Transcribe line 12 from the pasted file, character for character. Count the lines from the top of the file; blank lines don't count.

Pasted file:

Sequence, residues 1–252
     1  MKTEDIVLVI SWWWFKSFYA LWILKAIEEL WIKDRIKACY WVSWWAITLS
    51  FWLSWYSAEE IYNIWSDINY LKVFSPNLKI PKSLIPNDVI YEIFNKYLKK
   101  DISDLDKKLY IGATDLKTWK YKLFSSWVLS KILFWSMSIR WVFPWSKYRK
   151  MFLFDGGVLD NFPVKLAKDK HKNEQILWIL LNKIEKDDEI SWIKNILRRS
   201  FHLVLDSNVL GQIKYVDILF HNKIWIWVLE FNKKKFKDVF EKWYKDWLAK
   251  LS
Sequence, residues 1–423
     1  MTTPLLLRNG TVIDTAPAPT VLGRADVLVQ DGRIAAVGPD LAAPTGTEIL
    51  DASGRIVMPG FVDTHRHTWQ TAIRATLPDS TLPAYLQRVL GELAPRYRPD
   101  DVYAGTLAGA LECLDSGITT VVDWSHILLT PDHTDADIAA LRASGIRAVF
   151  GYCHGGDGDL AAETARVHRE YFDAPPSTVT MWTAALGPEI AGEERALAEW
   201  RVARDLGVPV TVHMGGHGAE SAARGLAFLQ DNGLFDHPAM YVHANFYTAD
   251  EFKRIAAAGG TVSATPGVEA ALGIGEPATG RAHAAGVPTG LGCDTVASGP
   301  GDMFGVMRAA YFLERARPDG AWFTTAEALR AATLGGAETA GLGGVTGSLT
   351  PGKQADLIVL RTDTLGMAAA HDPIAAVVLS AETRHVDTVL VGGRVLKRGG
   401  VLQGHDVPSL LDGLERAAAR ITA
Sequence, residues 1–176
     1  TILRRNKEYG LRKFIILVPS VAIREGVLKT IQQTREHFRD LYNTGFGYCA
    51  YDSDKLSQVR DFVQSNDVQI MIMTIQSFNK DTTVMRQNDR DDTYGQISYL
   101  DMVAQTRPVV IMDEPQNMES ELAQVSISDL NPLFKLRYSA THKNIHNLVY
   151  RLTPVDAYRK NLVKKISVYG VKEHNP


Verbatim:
   151  GYCHGGDGDL AAETARVHRE YFDAPPSTVT MWTAALGPEI AGEERALAEW